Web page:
Once you’ve make your ceramic piece by whichever technique you prefer (hand built, thrown, etc.) and its dried sufficiently, it can be bisque fired, which leads to a hardening of the clay. How dry is dry enough? Good question. That depends on the environment since weather can effect drying times hugely. If it’s humid, pots will take longer to dry. But be careful, if that pot is not completely dry it can explode in the kiln. I've been there and done that and it's quite a mess to clean up and not good for the kiln’s heating elements.

This is my medium-sized kiln
This is what the pottery looks like when stacked in the kiln. 
This will be the bisque firing (pottery can be stacked during the first firing). This side view stack of pottery is actually sitting on top of my big kiln (I’m 5’5” and the big kiln comes up to my waist!).
Here's a top view as I'm loading the kiln.

Once the firing is done you have to wait several hours for the pieces to cool down so you don't burn your hands touching them.

Next post it’s time to glaze!

Monday, September 26, 2011

Making Ceramic Pottery: Trimming


Trimming excess clay off the bottom of a pot not only makes the pot lighter in weight but also refines the shape and adds interest to the pot. A footring (or foot) is a raised circle of clay at the base of a thrown pot on which the pot will stand and is a typical end product of trimming. Sometimes trimming a foot can actually take longer than throwing the pot!

To trim a foot you must wait until the pot has air dried a bit to the leatherhard stage (clay is no longer malleable, but will crack or distort if pressure is applied). Trying to trim a foot onto a pot that has just been throw will end in utter disaster since the pot will collapse under its own wet weight. 

Trimming: this is a plate that's been turned upside down so that I can trim and add a foot to the bottom.
The device with the black tabs is an ingenious device called a Giffin Grip, best purchase ever! It snaps onto the wheel head and the tabs slide in to center and hug the piece so it can be trimmed.  The old school way uses wads of clay to hold the pot in place, and they never stay!!
Trimmed plate with a foot. In addition to adding the foot, I've also rounded out the bottom of the plate to remove extra clay and make it more pleasing to the eye.
These are the tools used to trim - as you lean the sharpened metal edge of the trimming tool against the clay (while the wheel is spinning) ribbons of unwanted clay are removed from the pot. The flat metal tool is pressed against the clay to produce a smooth surface.

Next time: Glazing. How those pots become colorful.

Sunday, September 18, 2011

Want to be notified when I add a new post?

I just found out that you can use Bloglovin' to keep track of all the blogs you are interested in, including mine! Once you get to the Bloglovin' site you need to paste "http://kristinachadwick.blogspot.com/" into the search box in the upper right corner of the page. It will bring up my blog and all you have to do is click 'Add' (if you're not already a register, it will ask you to register with your email address and create a password. Then you are all set!

Wednesday, September 7, 2011

Making Ceramic Pottery: Throwing on the Wheel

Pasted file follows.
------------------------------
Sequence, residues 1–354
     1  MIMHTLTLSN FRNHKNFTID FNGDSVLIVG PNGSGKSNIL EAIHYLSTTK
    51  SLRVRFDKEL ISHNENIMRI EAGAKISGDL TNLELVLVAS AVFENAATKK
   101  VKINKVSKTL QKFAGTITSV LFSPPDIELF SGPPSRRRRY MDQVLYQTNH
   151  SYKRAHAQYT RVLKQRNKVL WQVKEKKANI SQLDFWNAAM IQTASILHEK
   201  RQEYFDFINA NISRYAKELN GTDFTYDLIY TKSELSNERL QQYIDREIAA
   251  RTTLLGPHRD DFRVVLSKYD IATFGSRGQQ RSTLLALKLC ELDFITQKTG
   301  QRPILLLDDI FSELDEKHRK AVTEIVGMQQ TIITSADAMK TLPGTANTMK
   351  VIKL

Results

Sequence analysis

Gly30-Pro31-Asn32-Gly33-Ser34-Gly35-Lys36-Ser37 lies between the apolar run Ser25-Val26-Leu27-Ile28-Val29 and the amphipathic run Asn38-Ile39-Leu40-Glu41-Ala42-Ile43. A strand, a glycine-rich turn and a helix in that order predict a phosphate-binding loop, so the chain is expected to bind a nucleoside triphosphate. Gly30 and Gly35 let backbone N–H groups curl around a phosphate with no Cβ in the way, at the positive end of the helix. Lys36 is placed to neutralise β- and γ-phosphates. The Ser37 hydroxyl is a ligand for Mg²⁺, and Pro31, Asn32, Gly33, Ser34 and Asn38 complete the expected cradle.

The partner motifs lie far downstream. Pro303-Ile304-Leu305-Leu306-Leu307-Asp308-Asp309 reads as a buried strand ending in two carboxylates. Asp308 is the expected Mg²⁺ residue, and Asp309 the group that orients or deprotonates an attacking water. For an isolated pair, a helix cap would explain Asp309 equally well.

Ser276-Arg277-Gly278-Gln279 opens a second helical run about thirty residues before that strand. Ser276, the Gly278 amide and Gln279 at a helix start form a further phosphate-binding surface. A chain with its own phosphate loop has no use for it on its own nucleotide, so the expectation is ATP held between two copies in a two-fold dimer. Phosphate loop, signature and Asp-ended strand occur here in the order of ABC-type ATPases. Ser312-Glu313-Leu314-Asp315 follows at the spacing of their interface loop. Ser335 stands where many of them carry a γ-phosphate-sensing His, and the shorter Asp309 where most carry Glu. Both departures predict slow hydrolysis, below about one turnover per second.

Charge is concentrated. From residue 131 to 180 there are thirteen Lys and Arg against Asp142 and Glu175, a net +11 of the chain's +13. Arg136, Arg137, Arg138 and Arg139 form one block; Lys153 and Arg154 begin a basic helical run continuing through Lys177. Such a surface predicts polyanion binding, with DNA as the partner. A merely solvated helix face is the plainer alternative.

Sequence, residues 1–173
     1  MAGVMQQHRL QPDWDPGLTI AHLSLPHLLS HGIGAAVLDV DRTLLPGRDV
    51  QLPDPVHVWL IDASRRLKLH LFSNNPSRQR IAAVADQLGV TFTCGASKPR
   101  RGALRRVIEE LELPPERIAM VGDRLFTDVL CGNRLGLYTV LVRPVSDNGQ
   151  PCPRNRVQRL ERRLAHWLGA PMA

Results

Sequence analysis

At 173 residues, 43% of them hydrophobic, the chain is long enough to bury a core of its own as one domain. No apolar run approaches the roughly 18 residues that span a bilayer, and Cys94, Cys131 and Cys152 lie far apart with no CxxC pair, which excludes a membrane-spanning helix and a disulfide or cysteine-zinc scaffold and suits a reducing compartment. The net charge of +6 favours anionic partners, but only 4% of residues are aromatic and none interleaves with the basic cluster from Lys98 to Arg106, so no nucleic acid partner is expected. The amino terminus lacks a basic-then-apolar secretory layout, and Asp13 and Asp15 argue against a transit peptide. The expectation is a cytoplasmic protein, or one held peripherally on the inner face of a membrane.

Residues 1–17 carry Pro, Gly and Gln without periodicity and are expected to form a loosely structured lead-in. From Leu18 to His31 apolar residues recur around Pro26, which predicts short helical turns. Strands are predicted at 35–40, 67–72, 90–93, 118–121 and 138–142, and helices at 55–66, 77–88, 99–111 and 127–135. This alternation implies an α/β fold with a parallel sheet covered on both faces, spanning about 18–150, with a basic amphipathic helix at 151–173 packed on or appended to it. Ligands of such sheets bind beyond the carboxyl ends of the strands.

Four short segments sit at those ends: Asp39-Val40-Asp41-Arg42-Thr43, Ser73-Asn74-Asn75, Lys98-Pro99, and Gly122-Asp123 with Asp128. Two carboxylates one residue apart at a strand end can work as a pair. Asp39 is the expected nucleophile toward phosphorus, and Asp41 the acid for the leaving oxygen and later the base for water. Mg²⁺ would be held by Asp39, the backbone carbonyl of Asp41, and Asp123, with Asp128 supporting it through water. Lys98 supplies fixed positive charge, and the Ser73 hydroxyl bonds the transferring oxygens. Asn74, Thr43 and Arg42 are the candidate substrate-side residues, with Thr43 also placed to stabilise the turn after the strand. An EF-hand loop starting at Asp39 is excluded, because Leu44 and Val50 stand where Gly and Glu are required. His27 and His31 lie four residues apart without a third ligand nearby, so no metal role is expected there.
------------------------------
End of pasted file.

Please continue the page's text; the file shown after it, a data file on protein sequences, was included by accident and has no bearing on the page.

Wheel Throwing
My preferred technique for making pottery is throwing on the wheel. Throwing  is the term used to describe how the rotating wheel ‘throws’ the clay outwards while the potter uses their hands to control and mold the clay against this force.  Keeping the clay in the center of the wheel (centering) may appear effortless, but it is a skill that takes great patience and lots of practice! 

Throwing a ceramic piece on the wheel starts out with centering of the clay. Repeatedly bringing the spinning clay up into a cone and pushing it back down until the lump of clay spins evenly and without any wobble (indicating it's off center). Water is used to lubricate the clay so that it spins smoothly in your hands. 
Opening up: a process of pushing down in the middle of the centered clay and pulling out, creating a mouth
Pulling up: repeatedly pulling up on the clay while the wheel in spinning; the wall of the cylinder gets thinner as the vessel gets taller as you can see in the following pictures

And now to finish the piece - the desired shape is formed, edges and walls smoothed out.
Finishing: in this case I have narrowed the opening of the cylinder to create a small, narrow opening, like you might see on a jug or a luminary (which is what this will be). Here I'm using a wooden tool called a rib to push against the clay and smooth its surface.
Once I’m satisfied with the vessel I’ve created, I can either cut it off by sliding a fine wire between the bottom of the pot and the wheel head, remove it from the wheel and leave it to dry completely, or trim the bottom to create a footring (or foot). A foot is a raised circle of clay at the base of a throw pot on which the pot will stand.

Here are examples of freshly thrown pieces. Here you can see some ring holders, plates, and a small bowl (cylinder). The plates are sitting on ‘bats’. A bat is a piece of pressboard that can be taken on and off the wheel head allowing you to move the piece without cutting it off.
Before the pieces I've thrown can be trimmed they must firm up a bit by drying to what's called the 'leatherhard' stage. At this point the clay can still be marred if you push your fingernail into it but it's not so soft that you can distort the shape with the push of a finger. 

Next time I will show you how to trim a foot.